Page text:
Kumar , A. , Khan , M. , He , J. , Lo , I. M. C. (2020). Recent developments and challenges in practical application of visible-light-driven TiO2-based heterojunctions for PPCP degradation: A critical review. Water Research, 170, 115356. Google Scholar


Kumar , A. , Khan , M. , Zeng , X. , Lo , I. M. C.; I.M.C. Lo , (2018). Development of g-C3N4/TiO2/Fe3O4@SiO2 heterojunction via sol-gel route: A magnetically recyclable direct contact Z-scheme nanophotocatalyst for enhanced photocatalytic removal of ibuprofen from real sewage effluent under visible light. Chemical Engineering Journal, 353, 645–656. Google Scholar


Kumar , A. , Raizada , P. , Singh , P. , Saini , R. V. , Saini , A. K. , Hosseini-Bandegharaei , A. (2020). Perspective and status of polymeric graphitic carbon nitride based Z-scheme photocatalytic systems for sustainable photocatalytic water purification. Chemical Engineering Journal, 391, 123496. Google Scholar


Kumar , K. , Chowdhury , A. (2020). Use of novel nanostructured photocatalysts for the environmental sustainability of wastewater treatments. Elsevier Ltd. Google Scholar


Kumar , S. , Karthikeyan , S. , Lee , A. F. (2018). g-C3N4-based nanomaterials for visible light-driven photocatalysis. Catalysts, 8, 74. Google Scholar


Li , C. , Sun , Z. , Xue , Y. , Yao , G. , Zheng , S. (2016). A facile synthesis of g-C3N4/TiO2 hybrid photocatalysts by sol–gel method and its enhanced photodegradation towards methylene blue under visible light. Advanced Powder Technology, 27, 330–337. Google Scholar


Li , C. , Sun , Z. , Zhang , W. , Yu , C. , Zheng , S. (2018). Highly efficient g-C3N4/TiO2/kaolinite composite with novel three-dimensional structure and enhanced visible light responding ability towards ciprofloxacin and S. aureus. Applied Catalysis B: Environmental, 220, 272–282. Google Scholar


Li , D.-F. , Huang , W.-Q. , Zou , L.-R. , Pan , A. , Huang , G.-F. (2018). Mesoporous g-C3N4 nanosheets: Synthesis, superior adsorption capacity and photocatalytic activity. Journal of Nanoscience and Nanotechnology, 18, 5502–5510. Google Scholar


Li , J. , Zhang , M. , Li , X. , Li , Q. , Yang , J. (2017). Effect of the calcination temperature on the visible light photocatalytic activity of direct contact Z-scheme g-C3N4-TiO2 heterojunction. Applied Catalysis B: Environmental, 212, 106–114. Google Scholar


Li , R. , Li , T. , Zhou , Q. (2020). Impact of titanium dioxide (TiO2) modification on its application to pollution treatment—A review. Catalysts, 10, 804. Google Scholar


Liu , M. , Wei , S. , Chen , W. , Gao , L. , Li , X. , Mao , L. , Dang , H. (2020). Construction of direct Z-scheme g-C3 N 4/TiO2 nanorod composites for promoting photocatalytic activity. Journal of the Chinese Chemical Society, 67, 246–252. Google Scholar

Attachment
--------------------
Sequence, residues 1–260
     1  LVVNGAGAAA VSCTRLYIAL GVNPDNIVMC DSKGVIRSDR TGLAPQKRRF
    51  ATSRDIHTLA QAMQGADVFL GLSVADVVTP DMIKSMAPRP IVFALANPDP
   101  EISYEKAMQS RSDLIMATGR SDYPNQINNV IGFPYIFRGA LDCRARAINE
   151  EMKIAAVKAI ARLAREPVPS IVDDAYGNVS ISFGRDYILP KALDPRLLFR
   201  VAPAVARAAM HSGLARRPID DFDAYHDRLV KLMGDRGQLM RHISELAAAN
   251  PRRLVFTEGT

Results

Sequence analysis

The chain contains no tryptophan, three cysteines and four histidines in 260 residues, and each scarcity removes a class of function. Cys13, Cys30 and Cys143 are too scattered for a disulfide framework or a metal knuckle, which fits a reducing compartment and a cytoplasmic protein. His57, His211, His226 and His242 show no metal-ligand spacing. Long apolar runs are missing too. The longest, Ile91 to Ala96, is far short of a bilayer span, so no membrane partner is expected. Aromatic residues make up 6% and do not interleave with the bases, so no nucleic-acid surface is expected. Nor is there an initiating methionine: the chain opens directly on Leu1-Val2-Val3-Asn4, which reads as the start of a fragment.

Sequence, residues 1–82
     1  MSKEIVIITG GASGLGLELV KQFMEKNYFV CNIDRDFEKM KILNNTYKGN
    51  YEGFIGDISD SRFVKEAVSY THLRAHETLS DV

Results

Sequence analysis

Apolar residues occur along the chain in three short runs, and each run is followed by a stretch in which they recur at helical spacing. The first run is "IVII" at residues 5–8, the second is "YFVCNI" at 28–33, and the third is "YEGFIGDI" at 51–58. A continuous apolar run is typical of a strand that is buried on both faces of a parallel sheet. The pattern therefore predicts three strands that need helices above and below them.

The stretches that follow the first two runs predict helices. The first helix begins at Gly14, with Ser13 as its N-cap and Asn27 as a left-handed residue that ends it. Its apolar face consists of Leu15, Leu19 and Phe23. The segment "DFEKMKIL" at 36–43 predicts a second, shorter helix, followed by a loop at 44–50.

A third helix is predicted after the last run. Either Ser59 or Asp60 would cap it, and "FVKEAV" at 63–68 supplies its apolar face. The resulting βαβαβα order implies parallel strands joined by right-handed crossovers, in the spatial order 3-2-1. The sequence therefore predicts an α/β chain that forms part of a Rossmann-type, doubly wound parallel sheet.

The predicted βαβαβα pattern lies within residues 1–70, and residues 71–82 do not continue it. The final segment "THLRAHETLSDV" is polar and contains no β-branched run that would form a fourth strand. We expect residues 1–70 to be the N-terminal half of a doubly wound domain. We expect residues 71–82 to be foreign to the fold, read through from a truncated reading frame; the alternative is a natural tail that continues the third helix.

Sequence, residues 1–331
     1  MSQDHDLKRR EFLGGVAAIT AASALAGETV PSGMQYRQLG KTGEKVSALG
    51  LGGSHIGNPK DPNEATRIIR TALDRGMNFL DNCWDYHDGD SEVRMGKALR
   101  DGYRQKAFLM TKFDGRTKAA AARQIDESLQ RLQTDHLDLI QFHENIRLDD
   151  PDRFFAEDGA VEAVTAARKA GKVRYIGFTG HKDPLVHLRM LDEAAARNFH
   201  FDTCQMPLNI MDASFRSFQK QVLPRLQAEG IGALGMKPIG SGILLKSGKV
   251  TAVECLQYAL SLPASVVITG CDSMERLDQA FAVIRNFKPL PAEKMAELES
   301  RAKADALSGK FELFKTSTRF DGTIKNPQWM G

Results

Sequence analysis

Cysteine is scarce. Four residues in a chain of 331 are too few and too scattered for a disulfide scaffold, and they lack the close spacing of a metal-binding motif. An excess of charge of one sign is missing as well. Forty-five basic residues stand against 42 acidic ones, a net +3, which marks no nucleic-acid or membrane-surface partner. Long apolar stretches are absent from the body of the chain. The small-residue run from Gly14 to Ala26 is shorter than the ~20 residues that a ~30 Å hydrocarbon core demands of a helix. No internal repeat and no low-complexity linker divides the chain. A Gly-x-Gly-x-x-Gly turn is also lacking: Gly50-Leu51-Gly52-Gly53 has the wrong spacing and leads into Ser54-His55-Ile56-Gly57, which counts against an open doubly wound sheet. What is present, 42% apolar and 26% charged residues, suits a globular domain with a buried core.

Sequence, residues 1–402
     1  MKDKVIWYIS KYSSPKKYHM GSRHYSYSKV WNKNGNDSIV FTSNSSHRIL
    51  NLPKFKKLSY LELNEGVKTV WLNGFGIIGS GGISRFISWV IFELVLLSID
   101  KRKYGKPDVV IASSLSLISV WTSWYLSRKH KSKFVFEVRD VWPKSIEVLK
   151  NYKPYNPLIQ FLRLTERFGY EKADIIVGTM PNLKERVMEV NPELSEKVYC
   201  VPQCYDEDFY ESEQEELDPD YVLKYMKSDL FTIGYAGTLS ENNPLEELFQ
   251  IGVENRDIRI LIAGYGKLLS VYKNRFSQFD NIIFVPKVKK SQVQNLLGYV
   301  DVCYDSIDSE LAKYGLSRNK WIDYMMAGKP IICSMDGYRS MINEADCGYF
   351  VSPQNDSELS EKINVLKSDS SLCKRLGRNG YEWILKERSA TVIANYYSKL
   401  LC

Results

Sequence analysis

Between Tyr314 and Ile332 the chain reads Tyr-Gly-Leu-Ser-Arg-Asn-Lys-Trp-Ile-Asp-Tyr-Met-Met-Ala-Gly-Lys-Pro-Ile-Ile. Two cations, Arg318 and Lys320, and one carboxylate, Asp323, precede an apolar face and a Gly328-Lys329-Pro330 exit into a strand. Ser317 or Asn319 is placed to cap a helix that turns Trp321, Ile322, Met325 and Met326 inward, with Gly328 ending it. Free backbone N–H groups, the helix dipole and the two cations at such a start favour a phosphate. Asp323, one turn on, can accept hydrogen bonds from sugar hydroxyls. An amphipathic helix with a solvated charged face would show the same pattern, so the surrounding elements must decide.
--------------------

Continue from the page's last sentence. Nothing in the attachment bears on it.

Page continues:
Liu , R. , Bie , Y. , Qiao , Y. , Liu , T. , Song , Y. (2019). Design of g-C3N4/TiO2 nanotubes heterojunction for enhanced organic pollutants degradation in waste water. Materials Letters, 251, 126–130. Google Scholar


Liu , X. , Li , W. , Hu , R. , Wei , Y. , Yun , W. , Nian , P. , Feng , J. , Zhang , A. (2020). Synergistic degradation of acid orange 7 dye by using non-thermal plasma and g-C3N4/TiO2: Performance, degradation pathways and catalytic mechanism. Chemosphere, 249, 126093. Google Scholar


Liu , X. , Ma , R. , Zhuang , L. , Hu , B. , Chen , J. , Liu , X. , Wang , X. (2021). Recent developments of doped g-C3N4 photocatalysts for the degradation of organic pollutants. Critical Reviews in Environmental Science and Technology, 51, 751–790. Google Scholar


Liu , Y. , Zeng , X. , Hu , X. , Hu , J. , Wang , Z. , Yin , Y. , Sun , C. , Zhang , X. (2019). Two-dimensional g-C3N4/TiO2 nanocomposites as vertical Z-scheme heterojunction for improved photocatalytic water disinfection. Catalysis Today, 335, 243–251. Google Scholar


Li , Y. , Lv , K. , Ho , W. , Dong , F. , Wu , X. , Xia , Y. (2017). Hybridization of rutile TiO2 (rTiO2) with g-C3N4 quantum dots (CN QDs): An efficient visible-light-driven Z-scheme hybridized photocatalyst. Applied Catalysis B: Environmental, 202, 611–619. Google Scholar


Low , J. , Jiang , C. , Cheng , B. , Wageh , S. , Al-Ghamdi , A. A. , Yu , J. (2017). A review of direct Z-scheme photocatalysts. Small Methods, 1, 1700080. Google Scholar


Low , J. , Yu , J. , Jaroniec , M. , Wageh , S. , Al-Ghamdi , A. A. (2017). Heterojunction photocatalysts. Advanced Materials, 29(20), 1. Google Scholar


Lu , L. , Wang , G. , Zou , M. , Wang , J. , Li , J. (2018). Effects of calcining temperature on formation of hierarchical TiO2/g-C3N4 hybrids as an effective Z-scheme heterojunction photocatalyst. Applied Surface Science, 441, 1012–1023. Google Scholar